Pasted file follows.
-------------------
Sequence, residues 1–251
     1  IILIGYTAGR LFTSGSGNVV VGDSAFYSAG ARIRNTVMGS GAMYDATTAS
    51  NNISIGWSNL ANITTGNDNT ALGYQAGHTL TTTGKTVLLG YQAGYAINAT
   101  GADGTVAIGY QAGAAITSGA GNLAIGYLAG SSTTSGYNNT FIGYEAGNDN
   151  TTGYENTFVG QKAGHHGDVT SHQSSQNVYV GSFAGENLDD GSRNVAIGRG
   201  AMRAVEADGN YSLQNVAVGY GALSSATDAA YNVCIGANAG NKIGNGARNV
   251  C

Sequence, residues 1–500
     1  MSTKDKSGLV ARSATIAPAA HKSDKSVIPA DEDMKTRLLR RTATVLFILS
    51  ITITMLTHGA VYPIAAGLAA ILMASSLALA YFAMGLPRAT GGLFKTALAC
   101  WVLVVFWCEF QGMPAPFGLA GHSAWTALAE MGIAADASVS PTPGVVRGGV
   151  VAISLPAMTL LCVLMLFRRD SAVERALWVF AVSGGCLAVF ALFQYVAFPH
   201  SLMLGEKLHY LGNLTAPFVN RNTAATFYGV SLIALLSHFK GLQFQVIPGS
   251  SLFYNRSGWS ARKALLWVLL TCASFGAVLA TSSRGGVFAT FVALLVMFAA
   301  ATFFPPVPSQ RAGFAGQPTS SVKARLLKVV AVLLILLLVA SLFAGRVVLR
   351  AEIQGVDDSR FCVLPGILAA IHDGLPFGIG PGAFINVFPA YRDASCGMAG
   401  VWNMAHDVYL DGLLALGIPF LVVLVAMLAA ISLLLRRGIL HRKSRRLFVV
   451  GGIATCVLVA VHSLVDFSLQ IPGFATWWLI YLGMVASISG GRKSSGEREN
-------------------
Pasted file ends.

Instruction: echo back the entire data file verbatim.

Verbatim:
Sequence, residues 1–251
     1  IILIGYTAGR LFTSGSGNVV VGDSAFYSAG ARIRNTVMGS GAMYDATTAS
    51  NNISIGWSNL ANITTGNDNT ALGYQAGHTL TTTGKTVLLG YQAGYAINAT
   101  GADGTVAIGY QAGAAITSGA GNLAIGYLAG SSTTSGYNNT FIGYEAGNDN
   151  TTGYENTFVG QKAGHHGDVT SHQSSQNVYV GSFAGENLDD GSRNVAIGRG
   201  AMRAVEADGN YSLQNVAVGY GALSSATDAA YNVCIGANAG NKIGNGARNV
   251  C

Sequence, residues 1–500
     1  MSTKDKSGLV ARSATIAPAA HKSDKSVIPA DEDMKTRLLR RTATVLFILS
    51  ITITMLTHGA VYPIAAGLAA ILMASSLALA YFAMGLPRAT GGLFKTALAC
   101  WVLVVFWCEF QGMPAPFGLA GHSAWTALAE MGIAADASVS PTPGVVRGGV
   151  VAISLPAMTL LCVLMLFRRD SAVERALWVF AVSGGCLAVF ALFQYVAFPH
   201  SLMLGEKLHY LGNLTAPFVN RNTAATFYGV SLIALLSHFK GLQFQVIPGS
   251  SLFYNRSGWS ARKALLWVLL TCASFGAVLA TSSRGGVFAT FVALLVMFAA
   301  ATFFPPVPSQ RAGFAGQPTS SVKARLLKVV AVLLILLLVA SLFAGRVVLR
   351  AEIQGVDDSR FCVLPGILAA IHDGLPFGIG PGAFINVFPA YRDASCGMAG
   401  VWNMAHDVYL DGLLALGIPF LVVLVAMLAA ISLLLRRGIL HRKSRRLFVV
   451  GGIATCVLVA VHSLVDFSLQ IPGFATWWLI YLGMVASISG GRKSSGEREN